Introduction To Investment Criteria

What Are Investments

The allocation of money (or other assets) for the purpose of purchasing new assets including financial instruments <i.e. stocks, bonds>, and/or investment projects (buildings, machinery) with the expectation of profitable returns in the form of interest, income, or appreciation in value.

Minimum Acceptable Rate of Return (MARR)

The minimum acceptable rate of return is a "base case" minimum interest rate used to compare investment options. It is the minimum return on a project that an investor will accept before the commitment of funds.


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Audio Transcript: Minimum Acceptable Rate of Return (MARR), Explained

Investment Criteria

Investment criteria are used to determine whether the reward of an investment outweighs its risk <maximize return/risk>.

There are three main investment criteria:

  1. Present Worth
  2. Annual Worth
  3. Internal Rate of Return


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Audio Transcript: Investment Criteria

Present Worth

Present worth (PW) analysis is an equivalence method of analysis of investment decisions in which a project's cash flows are presented as a single present value. PW is one of the most basic and efficient methods available for determining the acceptability of a project on an economic basis. PW is often referred to as lifecycle costs.

PW analysis takes two forms: simple payback, which ignores the time-value of money, and discounted payback, which accounts for the time-value of money. In this class, the generic term "Present Worth" will almost always refer to discounted payback.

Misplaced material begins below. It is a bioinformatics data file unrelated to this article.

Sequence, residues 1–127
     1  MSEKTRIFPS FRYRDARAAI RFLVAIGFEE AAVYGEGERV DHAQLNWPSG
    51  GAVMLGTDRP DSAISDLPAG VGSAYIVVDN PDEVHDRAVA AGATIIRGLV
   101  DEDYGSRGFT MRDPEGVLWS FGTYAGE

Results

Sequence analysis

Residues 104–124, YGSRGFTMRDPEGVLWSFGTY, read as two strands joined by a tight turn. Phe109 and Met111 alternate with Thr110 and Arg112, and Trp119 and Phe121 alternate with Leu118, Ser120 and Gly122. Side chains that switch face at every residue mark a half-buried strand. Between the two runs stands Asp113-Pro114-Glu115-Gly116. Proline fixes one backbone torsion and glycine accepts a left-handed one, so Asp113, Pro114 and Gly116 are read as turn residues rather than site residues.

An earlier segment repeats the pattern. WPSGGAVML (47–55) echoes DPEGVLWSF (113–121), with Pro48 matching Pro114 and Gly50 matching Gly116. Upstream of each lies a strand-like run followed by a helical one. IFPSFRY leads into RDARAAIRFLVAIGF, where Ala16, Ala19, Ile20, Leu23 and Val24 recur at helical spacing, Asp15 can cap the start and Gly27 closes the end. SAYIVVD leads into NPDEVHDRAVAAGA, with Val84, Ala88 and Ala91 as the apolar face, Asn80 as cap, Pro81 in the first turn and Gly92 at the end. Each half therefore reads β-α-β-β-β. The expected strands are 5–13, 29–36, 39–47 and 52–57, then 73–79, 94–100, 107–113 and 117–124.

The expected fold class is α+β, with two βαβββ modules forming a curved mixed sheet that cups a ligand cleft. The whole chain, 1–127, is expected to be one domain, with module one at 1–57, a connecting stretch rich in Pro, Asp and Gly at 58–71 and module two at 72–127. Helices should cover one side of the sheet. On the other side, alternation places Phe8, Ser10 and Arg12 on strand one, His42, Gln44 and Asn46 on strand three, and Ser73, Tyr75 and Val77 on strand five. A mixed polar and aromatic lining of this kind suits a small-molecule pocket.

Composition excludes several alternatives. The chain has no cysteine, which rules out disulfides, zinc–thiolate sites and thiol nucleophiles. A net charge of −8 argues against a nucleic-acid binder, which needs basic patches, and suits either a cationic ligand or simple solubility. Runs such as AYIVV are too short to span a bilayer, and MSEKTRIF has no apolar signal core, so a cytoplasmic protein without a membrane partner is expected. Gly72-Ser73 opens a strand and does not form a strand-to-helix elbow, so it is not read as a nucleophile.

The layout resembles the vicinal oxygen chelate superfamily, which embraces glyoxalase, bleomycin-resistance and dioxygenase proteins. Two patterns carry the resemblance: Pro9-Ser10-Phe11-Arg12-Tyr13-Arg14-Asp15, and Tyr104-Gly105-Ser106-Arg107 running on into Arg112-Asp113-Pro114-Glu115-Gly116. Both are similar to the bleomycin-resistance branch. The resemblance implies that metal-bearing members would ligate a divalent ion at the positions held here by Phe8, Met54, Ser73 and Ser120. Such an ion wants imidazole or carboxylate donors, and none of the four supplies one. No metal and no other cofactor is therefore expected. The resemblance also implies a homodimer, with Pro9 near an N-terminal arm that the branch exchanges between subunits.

Simple Payback

A computationally simple and straightforward method for determining when a project will break even (i.e., its payback period). Mathematically: Time such that Costs + Benefits = 0.

Simple payback does not use a real interest rate for the minimum acceptable rate of return. Every dollar before the minimum payback period is counted as stated. To calculate simple payback, add up the costs or benefits in each time period through the payback period as though the interest rate were zero. Do not discount costs or benefits. Costs or benefits after the payback period are not considered: it is as if the interest rate (and therefore, the cost) jumps to infinity after the payback period.

Simple payback is often a good criteria to use when deciding whether a more detailed investment criteria analysis should be made, but it is only useful in certain cases. It should only be used when the payback period is short. It is a poor criteria to use when evaluating whether to make long-term investments. When benefits are not in the near future, the results will deviate from those calculated using discounting (present worth) and a minimum acceptable rate of return. Simple payback should not be used for assets that have cyclical costs and benefits over time.

Discounted Payback

Annual Worth

Annual Worth (AW) analysis is an equivalence method of analysis of investment decisions in which a project's cash flows are presented as a annualized series of equal payments.

Synonyms for AW:

  • Levelized cost
  • Capitalized cost (WARNING: present worth is sometimes called capitalized cost, too)
  • Equivalent annual cost
  • Annual equivalent-worth analysis

Internal Rate of Return

A third investment decision making tool in which an interest rate is used so that the net present value of all cash flows from a particular project equals zero. The higher a project's internal rate of return, the more attractive of an investment it becomes.

Bibliography

Park, Chan s. Contemporary Engineering Economics.4th ed. Department of industrial and systems Engineering Auburn University,Upper Saddle River,New Jersey 07458, 2007

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